It's normal to think of your cat like a family member or a sweet furry companion. However, understanding your cat's behavior is actually much more complicated than simply regarding him as another friend. In reality, cats are very different from humans in terms of both biology and psychology — and this is particularly true when it comes to diet.
When you are enjoying a delicious food (whether that's a quick snack or a full human meal), your cat may be interested in partaking in it, too. Some bold cats may be daring enough to try to steal bites of your plate. Or, they may have a tendency to try to get into human food when no one is looking. In reality, however, what they're after is probably different than what you realize — and really different than what you'd be after if you were looking to steal a bite from someone else's plate. This means that even if you are tempted to give your cat a bite of whatever you're eating, it's important to understand that not only may it not be good for them, they might not even like it.
One thing that might surprise you about cats and what they can eat is that there's a popular taste sensation that you probably really enjoy that your cat simply does not: the taste of things that are sweet. That's not because cats loved their canned food or because they prefer tuna over cake. In reality, it is because cats can't even taste sweet foods — which is an important reason why you should avoid letting your cat eat things that are sugary or high in carbohydrates.
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Here's what you need to know about cats' ability to taste sweet flavors, what cats should eat and like to eat, and why you should be careful giving your cat anything that might be sugary or dessert-like.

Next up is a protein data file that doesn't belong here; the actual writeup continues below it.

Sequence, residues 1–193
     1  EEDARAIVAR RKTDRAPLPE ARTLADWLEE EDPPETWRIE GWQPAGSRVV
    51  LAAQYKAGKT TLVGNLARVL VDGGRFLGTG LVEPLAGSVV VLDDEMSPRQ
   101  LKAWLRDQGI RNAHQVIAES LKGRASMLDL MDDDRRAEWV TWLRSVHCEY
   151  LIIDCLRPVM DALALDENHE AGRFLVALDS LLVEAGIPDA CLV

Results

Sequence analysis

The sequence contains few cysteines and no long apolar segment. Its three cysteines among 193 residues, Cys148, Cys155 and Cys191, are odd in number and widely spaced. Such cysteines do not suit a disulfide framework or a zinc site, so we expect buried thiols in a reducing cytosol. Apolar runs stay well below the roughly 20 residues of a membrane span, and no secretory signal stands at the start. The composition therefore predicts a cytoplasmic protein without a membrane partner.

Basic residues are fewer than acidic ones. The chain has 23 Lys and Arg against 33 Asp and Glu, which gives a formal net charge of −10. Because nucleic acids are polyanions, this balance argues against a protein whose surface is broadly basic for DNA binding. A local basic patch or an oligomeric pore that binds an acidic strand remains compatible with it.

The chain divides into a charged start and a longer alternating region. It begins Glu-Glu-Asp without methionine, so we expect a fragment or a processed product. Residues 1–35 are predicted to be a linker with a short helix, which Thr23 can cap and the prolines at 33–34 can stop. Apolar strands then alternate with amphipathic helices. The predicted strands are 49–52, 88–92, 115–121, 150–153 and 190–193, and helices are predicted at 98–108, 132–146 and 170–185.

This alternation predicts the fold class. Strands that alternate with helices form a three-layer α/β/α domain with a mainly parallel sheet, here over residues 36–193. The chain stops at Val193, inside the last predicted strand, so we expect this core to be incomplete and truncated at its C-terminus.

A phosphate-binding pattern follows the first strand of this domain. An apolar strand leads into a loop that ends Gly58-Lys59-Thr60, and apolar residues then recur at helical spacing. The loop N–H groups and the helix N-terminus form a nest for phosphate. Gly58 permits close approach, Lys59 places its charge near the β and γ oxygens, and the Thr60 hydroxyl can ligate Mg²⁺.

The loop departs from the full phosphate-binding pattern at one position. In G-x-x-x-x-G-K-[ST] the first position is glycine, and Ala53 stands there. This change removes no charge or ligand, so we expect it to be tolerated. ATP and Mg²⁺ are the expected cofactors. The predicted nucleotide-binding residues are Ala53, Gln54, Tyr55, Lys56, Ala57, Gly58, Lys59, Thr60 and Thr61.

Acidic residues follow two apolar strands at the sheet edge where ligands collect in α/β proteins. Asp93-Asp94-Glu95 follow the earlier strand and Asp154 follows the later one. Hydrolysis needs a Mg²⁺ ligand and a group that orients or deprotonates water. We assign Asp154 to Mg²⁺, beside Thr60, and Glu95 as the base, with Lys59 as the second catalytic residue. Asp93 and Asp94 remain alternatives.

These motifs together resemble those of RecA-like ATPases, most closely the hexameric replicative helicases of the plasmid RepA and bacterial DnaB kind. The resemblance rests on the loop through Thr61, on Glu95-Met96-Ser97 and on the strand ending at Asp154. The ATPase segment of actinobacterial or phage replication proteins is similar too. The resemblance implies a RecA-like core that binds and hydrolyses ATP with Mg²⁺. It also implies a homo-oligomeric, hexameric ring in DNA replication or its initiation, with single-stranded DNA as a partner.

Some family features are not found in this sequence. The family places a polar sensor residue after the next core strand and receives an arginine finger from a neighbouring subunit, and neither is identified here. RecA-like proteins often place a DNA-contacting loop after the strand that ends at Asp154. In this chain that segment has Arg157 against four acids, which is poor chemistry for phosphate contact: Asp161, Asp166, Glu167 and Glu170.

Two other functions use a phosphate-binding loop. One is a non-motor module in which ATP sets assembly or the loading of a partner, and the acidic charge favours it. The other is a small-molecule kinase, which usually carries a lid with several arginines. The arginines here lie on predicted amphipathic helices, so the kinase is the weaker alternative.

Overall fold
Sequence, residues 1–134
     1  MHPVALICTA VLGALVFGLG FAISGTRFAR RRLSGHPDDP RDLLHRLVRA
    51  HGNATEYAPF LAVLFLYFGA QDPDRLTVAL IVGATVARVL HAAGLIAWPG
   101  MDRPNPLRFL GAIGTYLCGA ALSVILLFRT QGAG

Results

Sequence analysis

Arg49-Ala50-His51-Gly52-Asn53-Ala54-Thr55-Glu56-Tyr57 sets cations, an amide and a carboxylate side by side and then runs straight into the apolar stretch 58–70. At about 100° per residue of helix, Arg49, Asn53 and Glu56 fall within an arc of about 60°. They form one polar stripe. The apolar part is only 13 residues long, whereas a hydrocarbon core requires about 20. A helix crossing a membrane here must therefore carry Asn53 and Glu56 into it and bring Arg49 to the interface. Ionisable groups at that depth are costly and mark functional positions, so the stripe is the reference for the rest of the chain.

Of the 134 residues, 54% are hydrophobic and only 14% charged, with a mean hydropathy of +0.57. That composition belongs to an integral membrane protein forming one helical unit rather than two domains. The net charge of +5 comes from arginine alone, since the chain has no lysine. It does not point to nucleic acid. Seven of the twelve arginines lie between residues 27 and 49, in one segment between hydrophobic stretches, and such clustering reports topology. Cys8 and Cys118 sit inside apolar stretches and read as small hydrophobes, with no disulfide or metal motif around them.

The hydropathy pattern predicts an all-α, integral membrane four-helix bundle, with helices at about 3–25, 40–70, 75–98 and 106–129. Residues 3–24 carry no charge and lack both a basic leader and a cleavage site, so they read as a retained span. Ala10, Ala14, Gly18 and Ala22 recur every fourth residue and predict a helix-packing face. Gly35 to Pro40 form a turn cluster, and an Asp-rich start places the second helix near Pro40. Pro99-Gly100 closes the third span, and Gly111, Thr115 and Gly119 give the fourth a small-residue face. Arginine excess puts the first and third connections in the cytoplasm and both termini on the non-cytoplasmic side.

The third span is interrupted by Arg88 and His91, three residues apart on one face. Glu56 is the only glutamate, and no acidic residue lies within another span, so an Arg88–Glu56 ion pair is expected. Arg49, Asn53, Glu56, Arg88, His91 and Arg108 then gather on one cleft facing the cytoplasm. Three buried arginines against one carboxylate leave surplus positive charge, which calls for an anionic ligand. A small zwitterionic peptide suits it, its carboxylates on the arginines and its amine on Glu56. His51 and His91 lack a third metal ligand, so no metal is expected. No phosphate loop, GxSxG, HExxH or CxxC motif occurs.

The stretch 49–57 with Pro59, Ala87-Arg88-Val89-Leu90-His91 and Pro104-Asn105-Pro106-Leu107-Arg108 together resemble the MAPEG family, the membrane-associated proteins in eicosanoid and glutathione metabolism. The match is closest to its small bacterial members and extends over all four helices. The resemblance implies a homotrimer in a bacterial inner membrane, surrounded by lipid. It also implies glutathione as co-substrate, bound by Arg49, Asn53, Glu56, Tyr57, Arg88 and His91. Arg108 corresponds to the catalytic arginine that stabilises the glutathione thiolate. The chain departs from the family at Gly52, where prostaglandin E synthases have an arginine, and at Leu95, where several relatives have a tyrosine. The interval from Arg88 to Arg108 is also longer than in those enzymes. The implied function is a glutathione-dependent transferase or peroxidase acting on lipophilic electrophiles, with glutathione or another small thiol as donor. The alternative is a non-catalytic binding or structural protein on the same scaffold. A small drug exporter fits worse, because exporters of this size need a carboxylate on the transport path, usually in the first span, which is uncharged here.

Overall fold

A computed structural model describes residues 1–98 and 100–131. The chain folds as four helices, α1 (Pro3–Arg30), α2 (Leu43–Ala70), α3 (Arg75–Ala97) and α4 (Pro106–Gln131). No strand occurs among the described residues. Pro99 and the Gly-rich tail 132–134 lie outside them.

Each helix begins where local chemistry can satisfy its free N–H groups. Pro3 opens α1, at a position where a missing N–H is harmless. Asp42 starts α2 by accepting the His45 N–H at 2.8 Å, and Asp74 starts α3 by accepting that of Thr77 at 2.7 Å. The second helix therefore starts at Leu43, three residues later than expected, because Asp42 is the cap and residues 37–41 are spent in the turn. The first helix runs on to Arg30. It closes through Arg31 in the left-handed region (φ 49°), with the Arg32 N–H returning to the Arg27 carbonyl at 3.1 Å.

We often think about giving our cats snacks that we call "cookies" or "treats." In the human mind, we probably conjure up images of fresh baked chocolate chip cookies or sugary wafers. In reality, however, cat treats (at least those you get from the store) don't taste sweet. Instead, they probably taste like meat or fish. This is not necessarily a preference thing, though cats do enjoy the taste of protein-y foods. In reality, it's because they actually lack the biological ability to taste sweetness. One more surprising fact: cats are the only mammal that we know of that cannot taste sweetness.
Mammals experience the ability to taste thanks to the tiny bumps we call tastebuds on our tongues. These little buds are actually receptors. that can read proteins in the cells of foods, then send messages to the brain about the ingredients as they experience them. In humans, the taste of sweetness is picked up by a receptor that's comprised of two couple proteins, which are created by two genes: Tas1r2 an Tas1r4.
Tasting sweetness is important for most mammals, especially us humans, because sweetness sends our brains an important message. That message is that the food we are eating is likely high in carbohydrates. It could also be that the food is very high in vitamin content. The human body evolved to prioritize and value carbohydrates, which are packed with energy. The same is true for plant eaters or other animals that derive valuable energy from a wide variety of sources. However, cats are meat eaters, not plant eaters, and so their taste receptors tend to be different.
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Ultimately, the taste receptors in a creature's mouth are reflective of that creature's diet and food choices. Cats are strictly carnivores. This means that they need meat to survive, and they crave meat as a preference for what to eat. Cats can survive exclusively on meat; they don't need carbohydrates in their diet to survive, and they don't particularly derive any nutrition from consuming carbs. Thus, their body evolved to reflect this dietary preference, and their lacks many of the important amino acids that make up the Tas1r2 gene. The result? They physically have no receptors on their tongue that can pick up the taste of sweetness.